Advertising

6 min

Curbing Spend on Irrelevant Search Terms using NLP and Statistics

By Megha Natarajan on February 2, 2022

In order to maximize one’s advertising reach on Amazon, it is very important to consistently research and identify new keywords that divert traffic to your product. Trends and consumer behavior change and we must also keep up with them. However, researching keywords can eat away your budget and cause your advertising efficiency to decrease.

One good practice for finding new keywords is to use Auto campaigns and BROAD match keywords and analyze search terms based on advertising KPIs. Once we identify a good performing keyword, we start targeting that keyword more efficiently by optimizing bids on them

Although this process is the best way to stay on top of new trends, using these strategies can result in spending on irrelevant Search Terms that don’t always convert.

Why focus on search terms and not keywords?

  • A keyword is a biddable entity - for example ‘dog chew’

  • A search term is what the customer searches for in the search bar

    • If we bid on the keyword ‘dog chew’ with match type as ‘BROAD’, then we will be bidding on all search terms that contain the variations of the words ‘dog’ and ‘chew’. Eg. ‘dog allergy chews’

    dog chew.png

A good keyword might still be an excellent match to the product while harboring multitudes of search terms that are in no way related to the product.

How does spending occur on Irrelevant search terms?

Broad and Auto campaigns, while great to identify new good performing keywords to add for optimization, also take under their bracket search terms that waste spending mainly due to being irrelevant to the campaign

Here is an example:

Product: Seasonal dog allergy chews in Salmon flavor

These contain probiotics but no vitamins. They are not organic.

dog.jpeg

One relevant keyword for this product is “dog chew”. So, to capture relevant search terms and to harvest more good performing keywords we bid on ‘dog chew’ as a BROAD keyword.

This gives us access to potential good search terms:

  • dog allergy chews

  • probiotic chews for dog

  • salmon flavored dog medication chews

However, ‘dog chew’ also covers some irrelevant search terms:

  • dog chew bed

  • soft dog chew toys

  • chew proof dog bed

Someone looking for a bed or toy for dogs is not likely to purchase a seasonal dog allergy chew tablet.

keyword chart.png

The size of irrelevant and relevant spend is an approximation of how much irrelevant spend some of the campaigns can have

In addition to BROAD match keywords, AUTO campaigns also end up spending hugely on search terms that are not relevant to the product.

Some ways to identify the search terms that waste spend

1. Filter based on KPIs like click-through rate, conversion rate, the ACOS (average cost of sale), etc.

A common simple way is to look at search terms and identify poor-performing search terms in terms of click-through rate, conversion rate, etc.

However, there are several drawbacks to this method:

  • Some search terms might not show good performance yet but might be relevant to the campaign. These might have eventually ended up being good

  • Looking at the performance at the search term level is tedious and manual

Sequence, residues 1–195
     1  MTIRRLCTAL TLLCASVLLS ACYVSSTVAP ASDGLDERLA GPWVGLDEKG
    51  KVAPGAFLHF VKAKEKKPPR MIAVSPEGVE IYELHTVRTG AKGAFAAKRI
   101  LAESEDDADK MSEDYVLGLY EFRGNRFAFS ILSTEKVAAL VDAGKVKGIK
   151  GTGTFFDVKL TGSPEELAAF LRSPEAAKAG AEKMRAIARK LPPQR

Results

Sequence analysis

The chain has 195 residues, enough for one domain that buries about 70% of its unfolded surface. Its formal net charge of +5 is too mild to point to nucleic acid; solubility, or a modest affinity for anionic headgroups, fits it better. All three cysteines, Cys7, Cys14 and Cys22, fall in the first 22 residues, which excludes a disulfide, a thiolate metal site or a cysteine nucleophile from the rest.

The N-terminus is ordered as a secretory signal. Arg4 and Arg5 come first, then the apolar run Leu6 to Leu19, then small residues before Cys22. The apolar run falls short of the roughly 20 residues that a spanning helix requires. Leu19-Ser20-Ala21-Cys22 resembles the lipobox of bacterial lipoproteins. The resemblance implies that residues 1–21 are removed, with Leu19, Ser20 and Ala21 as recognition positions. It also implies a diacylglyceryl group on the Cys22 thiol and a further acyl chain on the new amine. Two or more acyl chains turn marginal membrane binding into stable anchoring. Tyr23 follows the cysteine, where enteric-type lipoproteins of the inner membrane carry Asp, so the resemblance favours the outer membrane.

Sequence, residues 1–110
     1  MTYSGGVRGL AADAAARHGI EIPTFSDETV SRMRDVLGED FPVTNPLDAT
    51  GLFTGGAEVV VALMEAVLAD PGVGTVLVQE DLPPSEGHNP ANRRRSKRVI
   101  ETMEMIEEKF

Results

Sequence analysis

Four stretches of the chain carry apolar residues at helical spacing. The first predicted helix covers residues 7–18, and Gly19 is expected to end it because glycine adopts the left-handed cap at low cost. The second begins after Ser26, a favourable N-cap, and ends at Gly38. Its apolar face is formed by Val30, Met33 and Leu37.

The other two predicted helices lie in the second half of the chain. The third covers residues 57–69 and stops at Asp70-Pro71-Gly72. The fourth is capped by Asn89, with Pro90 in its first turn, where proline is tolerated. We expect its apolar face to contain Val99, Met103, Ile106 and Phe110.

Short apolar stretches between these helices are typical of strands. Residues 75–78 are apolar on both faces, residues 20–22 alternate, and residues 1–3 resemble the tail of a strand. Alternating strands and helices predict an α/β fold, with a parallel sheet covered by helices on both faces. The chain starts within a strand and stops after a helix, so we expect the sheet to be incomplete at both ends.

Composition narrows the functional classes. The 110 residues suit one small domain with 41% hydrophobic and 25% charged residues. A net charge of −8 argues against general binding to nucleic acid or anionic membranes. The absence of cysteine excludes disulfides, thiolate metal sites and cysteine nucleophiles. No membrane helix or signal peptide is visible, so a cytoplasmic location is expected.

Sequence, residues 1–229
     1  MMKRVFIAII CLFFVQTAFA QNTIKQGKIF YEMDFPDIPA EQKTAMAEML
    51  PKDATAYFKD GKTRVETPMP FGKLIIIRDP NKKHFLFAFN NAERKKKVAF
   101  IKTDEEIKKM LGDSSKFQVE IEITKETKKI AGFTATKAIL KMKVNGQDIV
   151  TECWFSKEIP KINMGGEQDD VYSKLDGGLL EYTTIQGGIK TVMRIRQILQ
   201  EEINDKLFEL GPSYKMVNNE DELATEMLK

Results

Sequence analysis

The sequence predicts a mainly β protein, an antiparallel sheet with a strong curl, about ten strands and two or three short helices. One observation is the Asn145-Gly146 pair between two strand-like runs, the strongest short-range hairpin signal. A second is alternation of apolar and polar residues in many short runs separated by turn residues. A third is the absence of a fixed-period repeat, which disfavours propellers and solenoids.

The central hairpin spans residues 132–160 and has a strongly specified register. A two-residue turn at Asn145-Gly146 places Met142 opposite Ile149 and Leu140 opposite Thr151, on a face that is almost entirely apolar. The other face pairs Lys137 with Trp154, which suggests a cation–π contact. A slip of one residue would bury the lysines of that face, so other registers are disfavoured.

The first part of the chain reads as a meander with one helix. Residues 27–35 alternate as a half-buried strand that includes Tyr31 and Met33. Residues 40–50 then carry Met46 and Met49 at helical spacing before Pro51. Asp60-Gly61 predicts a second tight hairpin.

• We tend to miss out on a huge chunk of search terms that are irrelevant to the campaign and cannot easily be weeded out purely by having a performance filter on search terms

2. Automated Unsupervised Machine Learning

We tried many approaches.

One of them was to use automated unsupervised learning with relevant KPIs.

We cluster search terms and identify clusters of interest. This gave us decent results. It captured the terms that naive filtering would capture and caught many more search terms that naive filtering wasn’t able to capture. However, it also sometimes caught terms that are poor performing but not necessarily irrelevant to the product. It also missed out on many irrelevant search terms that the product had spent on.

We felt we could do better.

Our mission was to identify all irrelevant search terms and not just the search terms that are not performing well

NLP, Tokenization, and Statistical Modeling to identify irrelevant search terms

dog activity.png

The approach that worked best for us was Tokenization.

We utilize Natural Language Processing including Tokenization to identify word tokens irrelevant to the products in our campaign.

We Further strengthen our prediction by Statistically modeling thresholds on several KPIs including cost per conversion, clicks, conversions, among others. We also factor in the campaign’s target ACOS (Average Cost of Sale).

In our most recent test, 98% of the word tokens identified by this model as irrelevant were indeed irrelevant to the mapped campaigns in the account.

This gives us the ability to do two things -

  1. Negative PHRASE match the irrelevant word token so that any other search term containing the word token does not end up wasting spend

  2. Negative EXACT match the search terms containing the irrelevant word token

Our implementation of irrelevant ad spend identification is helping our clients reduce tedious hours manually looking for search terms that waste ad spend and helping improve ROAS (Return on Ad Spend) on their campaigns.

Using Dask dataframes and Managed Notebooks on GCP we are able to run this computationally intensive model at our desired frequency.

This was a very fascinating project for our team to work on because of how broad the scope Wasted Ad Spend is and how insightful it is to hone in on irrelevancy which can be extremely tricky.

If you feel your organization is not maximizing the potential of your budget, reach out to us at hello@perpetua.io and we'd happy to help.